12 Mar 2009 - 13 Mar 2009 All day Department of Geography, Large Lecture Theatre



Bhaskar Vira (Geography, Cambridge)
Humeira Iqtidar (CSAS, Cambridge)
Philippa Williams (Geography, Cambridge)
Deepta Chopra (Geography, Cambridge)

Conference objectives
This conference brings together established and ‘early career’ academics across disciplines working under the theme of ‘Experiencing the State’ from the perspective of contemporary empirical research. It will develop preliminary working groups initiated in 2008 around a two-day workshop at the Department of Geography, January 2008 and two successful panels conducted at the Wisconsin-Madison Annual South Asian Conference, October 2008. The objective of this 2-day concluding conference is to forum well established papers with expectations to publish an edited book or guest edited special issue of an international journal. Participation at the conference is open to all and intends to provide 1 student bursary.

This conference supports the notion that the variegated impacts of the state in quotidian life and the various articulations of agency by different marginalised groups and individuals should be understood within a dialectical process in which actors both experience and shape the contemporary Indian State. Main themes for discussion:

1.Examining the concept and the composition of the ‘developmental state’ in the Indian context


2.What is meant by ‘marginalised’ groups – their identity and representation in civil society (including conflict and co-operation dynamics), state discourses and quotidian geographies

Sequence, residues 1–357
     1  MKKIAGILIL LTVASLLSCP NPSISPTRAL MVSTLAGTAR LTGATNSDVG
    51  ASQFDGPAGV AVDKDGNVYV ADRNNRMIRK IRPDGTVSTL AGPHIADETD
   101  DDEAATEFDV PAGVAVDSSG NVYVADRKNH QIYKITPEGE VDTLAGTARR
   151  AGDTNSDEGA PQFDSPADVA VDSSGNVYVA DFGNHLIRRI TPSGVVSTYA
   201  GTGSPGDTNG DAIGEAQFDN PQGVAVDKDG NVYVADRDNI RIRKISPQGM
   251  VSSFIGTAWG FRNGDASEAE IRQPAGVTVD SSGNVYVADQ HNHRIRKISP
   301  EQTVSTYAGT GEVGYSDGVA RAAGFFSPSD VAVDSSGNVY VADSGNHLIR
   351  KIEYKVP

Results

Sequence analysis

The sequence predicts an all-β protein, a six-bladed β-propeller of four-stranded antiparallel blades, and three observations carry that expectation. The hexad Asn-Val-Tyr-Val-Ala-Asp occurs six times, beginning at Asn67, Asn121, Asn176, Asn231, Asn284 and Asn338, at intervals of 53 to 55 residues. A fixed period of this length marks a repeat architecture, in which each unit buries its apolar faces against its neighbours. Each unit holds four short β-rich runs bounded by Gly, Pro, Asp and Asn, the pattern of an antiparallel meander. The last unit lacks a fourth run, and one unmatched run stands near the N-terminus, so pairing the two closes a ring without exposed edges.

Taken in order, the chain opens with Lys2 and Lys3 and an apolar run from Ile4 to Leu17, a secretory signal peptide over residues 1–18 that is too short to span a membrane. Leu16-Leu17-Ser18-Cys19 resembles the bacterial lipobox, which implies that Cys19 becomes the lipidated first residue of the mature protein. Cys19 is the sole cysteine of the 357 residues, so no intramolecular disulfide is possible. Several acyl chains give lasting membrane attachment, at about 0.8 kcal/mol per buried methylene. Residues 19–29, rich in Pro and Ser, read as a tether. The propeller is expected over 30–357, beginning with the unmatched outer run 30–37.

3.The dialectical ‘experience’ and expectations of state-society interactions that shapes the identity and composition of the state and the society experienced through citizenship: Negotiations, strategies and creative agencies


4.Differential realisations of state policy, in terms of inclusion and exclusion, and the shifting experiences of marginalisation and identities through state-society dialectics.


Fundamentally, this conference points to broader questions concerning the spaces of citizenship available to India’s marginalised groups, as individuals and collectives. Papers to be presented explore the different practices of citizenship in shifting economic, political and social as well as regional and temporal contexts.

Keynote speaker:
Professor Niraja Jayal
(Jawaharlal Nehru University, New Delhi, India)

For the full list of speakers see the link on the top right hand side of the page or click here.




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